in the Alps, in the Jura most holes that eat people stay open and visible (in
daylight and good weather) all through the winter. And most of the smaller
snow-covered holes merely tug at one's ankles or, on rare occasions, break them.
But there is always that frisson, the possibility
of a hole somewhere in between the harmlessly invisible and the charmlessly obvious,
that draws hikers back to the Creux d'Enfer in winter.
example! Dr Pirri taking a luckily brief trip into a well-hidden
hole in the forest of Grande Rolat, January 2002. Simple cautions, like "Watch
Your Step", have no meaning for Dr Pirri.
undeterred, Prof Pirri returns to check another monster hole
as if lessons were not for learning.
Dr Pirri's capacity for falling into holes is virtually inexhaustible.
essay on holes
all holes in the Jura are as obvious as this one in the Creux
d'Enfer de Druchaux. In some places, fields and fields of open holes and
cracks in the limestone forest floor can provide hours of targeted winter entertainment
when the lads venture into the area on a warm and sunny afternoon in January 2002.
it's that kind of January, a Republican
January, you might say. Nine of the
ten hottest years on record have occurred since 1990, when the Republicans legislated
a ban on research on alternatives to wholesale dependence upon the fossil fuels
which frequently make a select few of us extremely rich. Not me, of course, and
not you, but . . . well, pretty much just our presidents and vice-presidents and
the kindly folks who pull their strings and get all the tax cuts and what not.
Pirri, leading the expedition whilst recounting
amusing anecdotes from his youth, almost disappears into a shallow crack or chasm
in the forest floor. Not far from a humongous hole in the forest floor (left).
Dr Pirri labors to extract himself from the forest floor, his colleague(s) dart
about in all unhelpful directions seeking still funnier camera angles.
in Mr Pirri's predicament, his colleague(s) blow off the better part of a roll
of film hoping to chronicle just the right moment when physics
and irony meet, and Dr Pirri disappears straight down, leaving behind only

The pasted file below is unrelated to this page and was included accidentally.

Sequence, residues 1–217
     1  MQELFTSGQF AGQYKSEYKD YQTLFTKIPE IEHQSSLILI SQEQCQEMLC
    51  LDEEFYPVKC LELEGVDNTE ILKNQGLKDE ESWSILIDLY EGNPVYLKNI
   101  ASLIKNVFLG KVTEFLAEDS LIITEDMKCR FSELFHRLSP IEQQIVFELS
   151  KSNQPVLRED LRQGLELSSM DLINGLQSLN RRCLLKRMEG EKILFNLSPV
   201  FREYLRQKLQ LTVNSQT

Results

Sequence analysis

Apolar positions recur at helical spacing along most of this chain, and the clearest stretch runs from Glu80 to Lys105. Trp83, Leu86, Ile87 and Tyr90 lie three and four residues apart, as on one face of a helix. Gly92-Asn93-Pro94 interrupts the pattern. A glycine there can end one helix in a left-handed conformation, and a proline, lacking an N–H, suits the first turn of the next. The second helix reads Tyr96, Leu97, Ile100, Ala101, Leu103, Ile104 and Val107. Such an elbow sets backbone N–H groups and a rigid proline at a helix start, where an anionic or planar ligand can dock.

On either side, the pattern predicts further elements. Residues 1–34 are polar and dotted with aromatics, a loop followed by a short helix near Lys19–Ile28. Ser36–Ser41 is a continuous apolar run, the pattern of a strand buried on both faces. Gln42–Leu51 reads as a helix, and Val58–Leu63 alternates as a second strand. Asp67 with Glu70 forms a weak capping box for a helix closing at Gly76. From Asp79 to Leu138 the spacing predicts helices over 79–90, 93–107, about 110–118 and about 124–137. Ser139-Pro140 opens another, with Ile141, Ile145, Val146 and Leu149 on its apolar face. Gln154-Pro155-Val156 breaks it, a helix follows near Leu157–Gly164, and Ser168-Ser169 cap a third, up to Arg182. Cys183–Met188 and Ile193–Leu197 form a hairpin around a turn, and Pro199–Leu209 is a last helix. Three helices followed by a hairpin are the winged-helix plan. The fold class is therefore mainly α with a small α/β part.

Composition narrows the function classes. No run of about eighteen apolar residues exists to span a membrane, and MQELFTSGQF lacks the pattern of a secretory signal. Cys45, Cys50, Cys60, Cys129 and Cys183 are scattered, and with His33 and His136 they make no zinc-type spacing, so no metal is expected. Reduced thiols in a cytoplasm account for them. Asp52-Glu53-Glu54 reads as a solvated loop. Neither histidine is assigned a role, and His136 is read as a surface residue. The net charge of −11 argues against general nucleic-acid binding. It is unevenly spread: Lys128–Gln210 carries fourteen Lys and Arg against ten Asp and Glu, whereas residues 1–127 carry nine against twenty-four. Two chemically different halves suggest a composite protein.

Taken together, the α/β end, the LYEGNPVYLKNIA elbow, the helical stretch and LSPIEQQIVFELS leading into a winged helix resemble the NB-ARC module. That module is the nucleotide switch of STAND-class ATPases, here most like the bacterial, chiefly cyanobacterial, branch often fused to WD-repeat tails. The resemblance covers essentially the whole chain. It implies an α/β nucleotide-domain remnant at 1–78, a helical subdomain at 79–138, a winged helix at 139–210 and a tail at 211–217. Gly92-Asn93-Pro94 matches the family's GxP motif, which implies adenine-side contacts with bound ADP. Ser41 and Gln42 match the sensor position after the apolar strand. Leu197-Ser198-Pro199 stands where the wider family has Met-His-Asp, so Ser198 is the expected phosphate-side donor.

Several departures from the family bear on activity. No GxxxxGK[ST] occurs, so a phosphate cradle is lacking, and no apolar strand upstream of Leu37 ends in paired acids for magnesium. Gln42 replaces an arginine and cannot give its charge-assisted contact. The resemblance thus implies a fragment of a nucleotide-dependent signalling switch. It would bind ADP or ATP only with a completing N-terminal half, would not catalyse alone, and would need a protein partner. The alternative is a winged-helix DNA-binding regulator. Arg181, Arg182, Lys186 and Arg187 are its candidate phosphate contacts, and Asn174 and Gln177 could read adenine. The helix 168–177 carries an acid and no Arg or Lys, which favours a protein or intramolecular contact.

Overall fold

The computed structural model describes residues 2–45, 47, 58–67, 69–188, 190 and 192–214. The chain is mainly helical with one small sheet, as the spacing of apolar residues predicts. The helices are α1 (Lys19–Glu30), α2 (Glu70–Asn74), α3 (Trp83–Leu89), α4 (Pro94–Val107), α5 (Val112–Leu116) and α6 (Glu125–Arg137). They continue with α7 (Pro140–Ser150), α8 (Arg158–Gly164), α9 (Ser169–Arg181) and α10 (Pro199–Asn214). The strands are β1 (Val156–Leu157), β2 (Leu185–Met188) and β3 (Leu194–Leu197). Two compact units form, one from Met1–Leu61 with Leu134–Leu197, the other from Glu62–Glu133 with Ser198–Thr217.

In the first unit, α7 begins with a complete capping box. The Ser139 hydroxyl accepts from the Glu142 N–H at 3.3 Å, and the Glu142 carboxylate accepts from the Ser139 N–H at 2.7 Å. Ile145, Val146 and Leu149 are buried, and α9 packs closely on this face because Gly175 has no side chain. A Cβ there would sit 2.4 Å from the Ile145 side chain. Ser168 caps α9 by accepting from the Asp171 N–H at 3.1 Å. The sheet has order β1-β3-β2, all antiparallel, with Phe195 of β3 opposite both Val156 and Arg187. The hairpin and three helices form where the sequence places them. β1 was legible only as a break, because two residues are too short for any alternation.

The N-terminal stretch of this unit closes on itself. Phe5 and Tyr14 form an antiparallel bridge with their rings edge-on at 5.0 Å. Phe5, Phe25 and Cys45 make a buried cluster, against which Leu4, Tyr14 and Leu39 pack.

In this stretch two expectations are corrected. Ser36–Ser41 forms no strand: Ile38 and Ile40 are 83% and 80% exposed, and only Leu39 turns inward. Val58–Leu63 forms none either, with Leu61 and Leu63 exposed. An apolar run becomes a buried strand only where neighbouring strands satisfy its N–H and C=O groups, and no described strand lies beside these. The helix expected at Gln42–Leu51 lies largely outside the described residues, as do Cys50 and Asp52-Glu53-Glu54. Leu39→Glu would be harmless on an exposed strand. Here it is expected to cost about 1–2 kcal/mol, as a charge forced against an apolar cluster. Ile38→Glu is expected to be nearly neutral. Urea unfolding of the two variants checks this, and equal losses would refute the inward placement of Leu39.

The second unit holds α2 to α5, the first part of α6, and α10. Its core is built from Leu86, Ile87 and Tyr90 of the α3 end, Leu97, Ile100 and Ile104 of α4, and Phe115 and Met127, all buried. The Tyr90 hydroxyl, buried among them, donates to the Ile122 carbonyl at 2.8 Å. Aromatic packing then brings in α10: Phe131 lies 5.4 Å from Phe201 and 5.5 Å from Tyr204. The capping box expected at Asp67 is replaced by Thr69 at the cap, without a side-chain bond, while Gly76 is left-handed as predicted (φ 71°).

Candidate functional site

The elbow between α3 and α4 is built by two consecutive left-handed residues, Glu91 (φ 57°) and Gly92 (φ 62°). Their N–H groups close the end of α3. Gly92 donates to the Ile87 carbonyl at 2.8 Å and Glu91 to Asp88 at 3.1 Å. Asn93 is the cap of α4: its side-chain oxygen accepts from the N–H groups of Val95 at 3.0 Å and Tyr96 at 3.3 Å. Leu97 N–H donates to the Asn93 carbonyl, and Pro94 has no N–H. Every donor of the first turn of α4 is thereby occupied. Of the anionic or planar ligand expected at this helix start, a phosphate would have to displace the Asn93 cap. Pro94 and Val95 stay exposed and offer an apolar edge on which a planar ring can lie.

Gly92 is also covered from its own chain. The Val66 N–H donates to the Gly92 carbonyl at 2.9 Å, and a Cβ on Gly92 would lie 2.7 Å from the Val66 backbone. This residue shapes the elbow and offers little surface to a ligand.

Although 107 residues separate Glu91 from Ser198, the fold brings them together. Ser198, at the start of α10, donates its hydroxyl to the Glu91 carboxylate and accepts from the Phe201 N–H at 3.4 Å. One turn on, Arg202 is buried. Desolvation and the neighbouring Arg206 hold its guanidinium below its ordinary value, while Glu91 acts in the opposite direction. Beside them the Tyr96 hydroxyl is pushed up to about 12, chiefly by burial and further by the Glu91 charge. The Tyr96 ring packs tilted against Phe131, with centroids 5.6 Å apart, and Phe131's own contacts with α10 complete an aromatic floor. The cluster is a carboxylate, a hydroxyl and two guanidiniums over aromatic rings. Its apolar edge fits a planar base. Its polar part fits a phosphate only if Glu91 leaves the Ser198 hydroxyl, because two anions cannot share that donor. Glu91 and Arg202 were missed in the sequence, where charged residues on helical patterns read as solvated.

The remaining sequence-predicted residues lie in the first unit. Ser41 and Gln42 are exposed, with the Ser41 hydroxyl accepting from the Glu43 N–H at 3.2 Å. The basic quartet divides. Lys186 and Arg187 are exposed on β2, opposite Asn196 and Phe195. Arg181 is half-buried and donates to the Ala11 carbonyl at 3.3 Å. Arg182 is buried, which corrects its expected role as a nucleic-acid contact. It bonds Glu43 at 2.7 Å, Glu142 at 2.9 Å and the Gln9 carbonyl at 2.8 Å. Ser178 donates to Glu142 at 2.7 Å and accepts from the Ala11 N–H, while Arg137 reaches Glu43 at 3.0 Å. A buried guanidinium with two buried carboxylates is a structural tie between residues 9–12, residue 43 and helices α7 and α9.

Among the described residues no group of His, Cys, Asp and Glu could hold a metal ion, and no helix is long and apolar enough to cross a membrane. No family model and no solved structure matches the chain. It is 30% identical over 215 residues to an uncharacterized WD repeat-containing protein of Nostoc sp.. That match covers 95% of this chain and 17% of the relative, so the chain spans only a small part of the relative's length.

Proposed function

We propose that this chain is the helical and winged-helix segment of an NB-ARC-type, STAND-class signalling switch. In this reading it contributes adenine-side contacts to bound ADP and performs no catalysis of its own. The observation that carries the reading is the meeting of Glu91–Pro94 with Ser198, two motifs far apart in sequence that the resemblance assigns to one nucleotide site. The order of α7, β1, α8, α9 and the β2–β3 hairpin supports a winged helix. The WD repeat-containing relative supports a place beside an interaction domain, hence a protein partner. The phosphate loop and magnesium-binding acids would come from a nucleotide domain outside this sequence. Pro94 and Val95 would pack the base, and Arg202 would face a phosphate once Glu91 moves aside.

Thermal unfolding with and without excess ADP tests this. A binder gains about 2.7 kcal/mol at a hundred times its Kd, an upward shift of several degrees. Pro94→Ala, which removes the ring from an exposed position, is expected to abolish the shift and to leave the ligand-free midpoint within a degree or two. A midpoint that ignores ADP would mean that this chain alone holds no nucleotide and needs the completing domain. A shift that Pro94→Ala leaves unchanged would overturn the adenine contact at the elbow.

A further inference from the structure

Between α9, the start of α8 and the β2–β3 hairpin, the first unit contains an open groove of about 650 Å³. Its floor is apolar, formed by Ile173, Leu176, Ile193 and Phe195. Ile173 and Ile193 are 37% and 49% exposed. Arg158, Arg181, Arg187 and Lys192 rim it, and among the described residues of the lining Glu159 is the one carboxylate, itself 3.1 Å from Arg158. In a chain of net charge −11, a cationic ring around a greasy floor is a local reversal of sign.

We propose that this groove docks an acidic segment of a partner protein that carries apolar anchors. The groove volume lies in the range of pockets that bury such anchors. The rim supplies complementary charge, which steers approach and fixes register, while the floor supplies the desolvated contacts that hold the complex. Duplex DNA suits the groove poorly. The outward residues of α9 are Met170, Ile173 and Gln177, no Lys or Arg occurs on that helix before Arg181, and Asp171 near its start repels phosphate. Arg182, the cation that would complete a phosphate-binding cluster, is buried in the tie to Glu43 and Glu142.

a ski pole and the aroma of aftershave.
moments later, having charged Dr Pirri with negligence and taken over the lead,
Mr Peck of Bassins, Switzerland, wanders into a similar fate and lodges
his snowshoe into a narrow crevice . . .
. . which evidently likes his snowshoe a lot and schemes to retain it indefinitely.
snowshoe -- if we disengage it from our feet, it will descend quickly out
of reach, into the bowels of the earth as it were, and we'll only have one left
(snowshoe, that is, not bowel. Well, that too.). So we keep on tugging at it,
as afternoon drags on into evening and our mozzarella sandwiches begin to dry
out in our backpacks.
with a shall-we-call-it Herculean effort we yank!
the reluctant plastic out of the earth, at the cost of about 80 grams of knee
cartilege, and regain our freedom, something devoutly
to be wished for a lot of people around the world in these fallen times.
than just cartilege: the following week the whole snowshoe fell apart three hours
out from the Col de la Givrine. Shouldn't have Yanked it so hard - diplomacy might
have worked better.]
freedom is not always the same thing as standing upright,
and -- as so often is the case -- the standing upright part of it takes up another
handsome length of time. Throughout which, former President J. J. Pirri was making
himself sick with laughter at the contemplation of our plight.
last laugh, as Mr Pirri dives in again moments later. (The penultimate
laugh, actually, because shortly after this one, we went in again, too.)
. . . once out of the blimey limestones and heading back at the end of the
day, we remember why we've come here in the first place. Sunset, 26 January 2002,
on the far side of the Col du Marchairuz.
no theoretical limit to how many more embarrassing pix of Dr Pirri falling
into nasty limestone holes one could put up here, so this page will probably always
be "under construction". Bookmark this page and come back for more holes.
And write to Dr Pirri and encourage him to wander in the forest still more negligently.
on the point of disappearing into a lovely great hole in the forest
of Grande Rolat, February 2005.
and suggestions are welcome if positive, resented if negative, .
All rights reserved, all wrongs avenged. Posted 25 January 2002, revised 3 February 2014.